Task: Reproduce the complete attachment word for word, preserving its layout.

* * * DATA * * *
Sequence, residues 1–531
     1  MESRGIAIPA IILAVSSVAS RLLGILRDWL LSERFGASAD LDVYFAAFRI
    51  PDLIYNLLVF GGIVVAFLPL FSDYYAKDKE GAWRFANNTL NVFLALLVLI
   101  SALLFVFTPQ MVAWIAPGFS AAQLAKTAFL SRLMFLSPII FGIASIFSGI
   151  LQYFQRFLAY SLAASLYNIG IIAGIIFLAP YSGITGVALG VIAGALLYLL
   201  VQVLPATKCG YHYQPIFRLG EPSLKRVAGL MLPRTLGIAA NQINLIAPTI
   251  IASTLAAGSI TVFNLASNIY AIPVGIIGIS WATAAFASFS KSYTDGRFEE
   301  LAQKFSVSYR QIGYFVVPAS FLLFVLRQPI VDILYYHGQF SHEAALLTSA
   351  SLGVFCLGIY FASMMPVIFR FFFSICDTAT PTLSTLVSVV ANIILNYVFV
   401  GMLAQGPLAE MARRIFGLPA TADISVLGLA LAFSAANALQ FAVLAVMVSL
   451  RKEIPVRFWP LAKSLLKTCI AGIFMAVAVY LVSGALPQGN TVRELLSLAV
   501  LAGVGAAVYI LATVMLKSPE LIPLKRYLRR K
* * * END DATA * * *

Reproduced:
Sequence, residues 1–531
     1  MESRGIAIPA IILAVSSVAS RLLGILRDWL LSERFGASAD LDVYFAAFRI
    51  PDLIYNLLVF GGIVVAFLPL FSDYYAKDKE GAWRFANNTL NVFLALLVLI
   101  SALLFVFTPQ MVAWIAPGFS AAQLAKTAFL SRLMFLSPII FGIASIFSGI
   151  LQYFQRFLAY SLAASLYNIG IIAGIIFLAP YSGITGVALG VIAGALLYLL
   201  VQVLPATKCG YHYQPIFRLG EPSLKRVAGL MLPRTLGIAA NQINLIAPTI
   251  IASTLAAGSI TVFNLASNIY AIPVGIIGIS WATAAFASFS KSYTDGRFEE
   301  LAQKFSVSYR QIGYFVVPAS FLLFVLRQPI VDILYYHGQF SHEAALLTSA
   351  SLGVFCLGIY FASMMPVIFR FFFSICDTAT PTLSTLVSVV ANIILNYVFV
   401  GMLAQGPLAE MARRIFGLPA TADISVLGLA LAFSAANALQ FAVLAVMVSL
   451  RKEIPVRFWP LAKSLLKTCI AGIFMAVAVY LVSGALPQGN TVRELLSLAV
   501  LAGVGAAVYI LATVMLKSPE LIPLKRYLRR K